The album conjured in the “womb”, Shame’s youngest child ‘Drunk Tank Pink’ is born.
It’s been three long and gruelling years since the release of Shame’s debut album ‘Songs of Praise’, two years of exhausting touring for the band, and one of reoccurring isolation when their sophomore was planned to be delivered to us. But the run-up to ‘Drunk Tank Pink’ has been nothing less than electric, for many it has been the light at the end of the tunnel for the time being. The album has captured the essence of total isolation and self-reflection, expresses tongue cheek sounds, and is a well-needed release of anger for some. The record is produced by James Ford who has worked with the likes of Arctic Monkeys, Foals, and Gorillaz.
The first taste fans were so kindly spoon-fed by the band is and was ‘Alphabet’ being the first single it’s been a while since most have given it a spin – yet the flavour it has is still as sweet as it was when it released, Charlie Forbes’ drums highlight the track with quick powerful bursts and the chorus is the punk war cry that 2021 needs. ‘Nigel Hitter’ takes a turn with the light more playful lyricism that is weaved through much of ‘Drunk Tank Pink’.
‘Born in Luton’ was anticipated just as much as the album itself, with people dying to hear the studio version after a live version had been released last year on Youtube exclusively – just the thought of having the song has been mouth-watering, from its electro-punk sounding verses with frontman Charlie Steens’ blistering vocals, the maelstrom of a chorus. “I’ve been waiting outside for all of my life, and now I’ve got the door there’s no one inside”/ “I’ve been kicking the curb, I’ve been chipping the stone”; Sounds like an endless cycle of disappointment and waiting for something that’s never going to come round, even if there is a glimmer of hope.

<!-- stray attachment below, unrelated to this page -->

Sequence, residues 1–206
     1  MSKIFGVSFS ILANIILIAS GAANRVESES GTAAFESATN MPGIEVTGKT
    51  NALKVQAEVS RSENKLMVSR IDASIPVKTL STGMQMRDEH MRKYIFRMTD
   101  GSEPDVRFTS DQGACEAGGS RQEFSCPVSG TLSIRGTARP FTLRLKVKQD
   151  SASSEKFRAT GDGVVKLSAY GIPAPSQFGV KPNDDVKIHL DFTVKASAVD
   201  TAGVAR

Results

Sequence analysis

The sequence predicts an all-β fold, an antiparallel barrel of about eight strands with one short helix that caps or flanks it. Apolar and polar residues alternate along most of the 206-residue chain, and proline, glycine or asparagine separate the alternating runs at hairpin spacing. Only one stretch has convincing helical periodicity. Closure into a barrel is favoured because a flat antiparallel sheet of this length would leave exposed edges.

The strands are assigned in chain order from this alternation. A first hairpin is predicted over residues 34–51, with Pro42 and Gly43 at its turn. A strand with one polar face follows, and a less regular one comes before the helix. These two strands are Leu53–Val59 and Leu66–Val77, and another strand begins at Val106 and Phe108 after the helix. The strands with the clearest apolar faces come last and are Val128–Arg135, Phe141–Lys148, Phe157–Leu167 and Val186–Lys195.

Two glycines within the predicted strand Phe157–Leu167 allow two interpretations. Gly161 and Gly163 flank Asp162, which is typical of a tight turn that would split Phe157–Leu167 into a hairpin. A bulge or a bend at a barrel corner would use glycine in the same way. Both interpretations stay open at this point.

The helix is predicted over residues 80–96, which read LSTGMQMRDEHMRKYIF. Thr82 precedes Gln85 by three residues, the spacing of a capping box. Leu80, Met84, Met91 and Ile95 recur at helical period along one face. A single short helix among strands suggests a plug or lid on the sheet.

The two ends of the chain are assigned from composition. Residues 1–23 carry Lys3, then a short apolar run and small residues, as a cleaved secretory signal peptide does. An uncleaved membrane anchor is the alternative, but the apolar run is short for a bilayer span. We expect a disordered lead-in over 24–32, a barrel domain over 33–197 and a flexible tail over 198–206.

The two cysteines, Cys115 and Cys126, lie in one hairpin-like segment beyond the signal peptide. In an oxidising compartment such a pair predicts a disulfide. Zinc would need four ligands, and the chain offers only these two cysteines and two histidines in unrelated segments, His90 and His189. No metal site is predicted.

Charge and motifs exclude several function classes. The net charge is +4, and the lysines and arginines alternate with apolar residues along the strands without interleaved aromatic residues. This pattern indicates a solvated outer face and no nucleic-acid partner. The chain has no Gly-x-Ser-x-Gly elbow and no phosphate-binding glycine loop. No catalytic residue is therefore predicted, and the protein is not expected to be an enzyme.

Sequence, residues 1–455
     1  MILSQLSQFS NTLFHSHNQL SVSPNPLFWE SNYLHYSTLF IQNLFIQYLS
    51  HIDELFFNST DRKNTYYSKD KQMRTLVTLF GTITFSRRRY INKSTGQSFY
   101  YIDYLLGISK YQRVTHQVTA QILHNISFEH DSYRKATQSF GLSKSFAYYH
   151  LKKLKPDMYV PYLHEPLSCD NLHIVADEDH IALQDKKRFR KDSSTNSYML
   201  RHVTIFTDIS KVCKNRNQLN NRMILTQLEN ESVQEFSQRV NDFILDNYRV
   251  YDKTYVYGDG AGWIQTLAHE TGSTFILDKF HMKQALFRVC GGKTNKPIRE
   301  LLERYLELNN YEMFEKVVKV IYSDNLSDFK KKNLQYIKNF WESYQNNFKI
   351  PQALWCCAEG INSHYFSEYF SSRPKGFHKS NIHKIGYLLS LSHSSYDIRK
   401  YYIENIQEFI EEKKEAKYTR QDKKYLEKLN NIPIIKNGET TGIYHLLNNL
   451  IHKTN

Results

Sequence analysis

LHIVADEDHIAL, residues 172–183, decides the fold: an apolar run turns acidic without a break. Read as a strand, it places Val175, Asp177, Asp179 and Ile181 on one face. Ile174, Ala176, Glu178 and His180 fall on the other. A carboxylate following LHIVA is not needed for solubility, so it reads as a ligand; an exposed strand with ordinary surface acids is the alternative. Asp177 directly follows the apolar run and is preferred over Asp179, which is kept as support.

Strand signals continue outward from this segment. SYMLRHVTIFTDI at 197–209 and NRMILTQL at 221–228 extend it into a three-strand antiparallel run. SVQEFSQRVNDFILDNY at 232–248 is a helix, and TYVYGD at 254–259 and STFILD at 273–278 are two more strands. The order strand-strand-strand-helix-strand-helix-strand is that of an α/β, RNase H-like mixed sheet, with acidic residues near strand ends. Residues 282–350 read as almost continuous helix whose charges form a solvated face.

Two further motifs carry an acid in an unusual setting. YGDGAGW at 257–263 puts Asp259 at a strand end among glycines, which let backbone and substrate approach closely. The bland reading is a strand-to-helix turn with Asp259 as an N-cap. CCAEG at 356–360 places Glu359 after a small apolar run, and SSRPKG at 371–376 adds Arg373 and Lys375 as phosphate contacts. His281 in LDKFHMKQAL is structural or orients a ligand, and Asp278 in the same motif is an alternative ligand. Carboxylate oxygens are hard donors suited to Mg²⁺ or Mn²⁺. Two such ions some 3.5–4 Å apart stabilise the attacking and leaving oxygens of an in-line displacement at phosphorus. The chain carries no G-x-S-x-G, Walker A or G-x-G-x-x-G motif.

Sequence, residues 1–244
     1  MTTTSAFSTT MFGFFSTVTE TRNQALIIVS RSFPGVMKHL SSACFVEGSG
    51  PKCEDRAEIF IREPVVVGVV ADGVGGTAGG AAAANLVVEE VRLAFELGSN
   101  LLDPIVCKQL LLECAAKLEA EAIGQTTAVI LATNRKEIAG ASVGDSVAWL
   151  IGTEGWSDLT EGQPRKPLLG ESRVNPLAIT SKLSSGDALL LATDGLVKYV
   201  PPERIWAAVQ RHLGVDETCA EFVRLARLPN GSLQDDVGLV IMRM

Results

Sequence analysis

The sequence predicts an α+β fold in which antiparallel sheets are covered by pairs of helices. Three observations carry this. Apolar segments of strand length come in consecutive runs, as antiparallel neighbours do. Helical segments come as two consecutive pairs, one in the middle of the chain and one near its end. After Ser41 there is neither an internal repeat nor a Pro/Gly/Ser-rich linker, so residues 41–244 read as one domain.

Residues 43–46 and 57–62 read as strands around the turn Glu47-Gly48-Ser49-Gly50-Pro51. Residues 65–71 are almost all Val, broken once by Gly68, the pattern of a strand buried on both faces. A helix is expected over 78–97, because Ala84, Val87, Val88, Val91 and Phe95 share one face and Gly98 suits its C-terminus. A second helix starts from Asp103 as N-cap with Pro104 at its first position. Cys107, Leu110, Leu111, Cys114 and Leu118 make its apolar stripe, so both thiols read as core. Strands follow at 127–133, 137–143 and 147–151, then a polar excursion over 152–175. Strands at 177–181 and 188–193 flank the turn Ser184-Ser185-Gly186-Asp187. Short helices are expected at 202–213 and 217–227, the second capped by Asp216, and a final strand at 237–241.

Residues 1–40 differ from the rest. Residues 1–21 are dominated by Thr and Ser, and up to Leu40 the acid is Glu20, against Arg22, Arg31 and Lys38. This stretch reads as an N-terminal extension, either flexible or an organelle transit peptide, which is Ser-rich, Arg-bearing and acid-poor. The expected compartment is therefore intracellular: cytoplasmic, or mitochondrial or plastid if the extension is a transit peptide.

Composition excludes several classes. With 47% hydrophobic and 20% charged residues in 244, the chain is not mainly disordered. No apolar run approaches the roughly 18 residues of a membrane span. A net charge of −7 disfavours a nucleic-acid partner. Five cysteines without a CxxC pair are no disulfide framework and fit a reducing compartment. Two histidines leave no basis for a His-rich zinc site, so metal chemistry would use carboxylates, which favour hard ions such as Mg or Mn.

‘March Day’ directly references Steens’ “womb” formerly a laundry room in an old care home, redecorated and pink! “In my room, in my womb is the only place I find peace” the track shows represents the difficulty of isolation but also sparks that can happen in it. Whereas ‘Human, for a Minute’ is like a candle burning out, the very essence of yourself draining from your body – cathartic and fitting.
“A good writer writes, a great writer steals!” how very true from ‘Great Dog’ expressive urgency, vocals, drums, guitar, and drums all in its entirety, Shame, your south London punk attack still lingers, thank goodness. The same goes completely for ‘6/1’ rage and self-contempt, which is showered in self-awareness. With a looming bass and alarming guitar sounds a cacophony of beautiful anger.
Time for a deep breath as the end is near; ‘Station Wagon’ begins with light lyrics and calm vocals, slow strings being picked, and sweet backing vocals. But tone twists and darkens just like most things, with more abstract sounds with certain keys being played harshly, and Steens’ vocals become more coarse and rough – and breathe again. A direct monologue, spoken with clarity and passion –desires that we all feel and so desperately cling to. “I’m gonna try achieve the unachievable because one day that vapour will be in my pocket”.
‘Drunk Tank Pink’ was well needed for fans, the industry, and the band most of all. It’s an album to rage to, to think, to heal, and to escape within. Shame have broken that silly little second album curse and have blown their work on ‘Songs of Praise’ out of the water. Struggle after struggle they made it happen in style, admirable.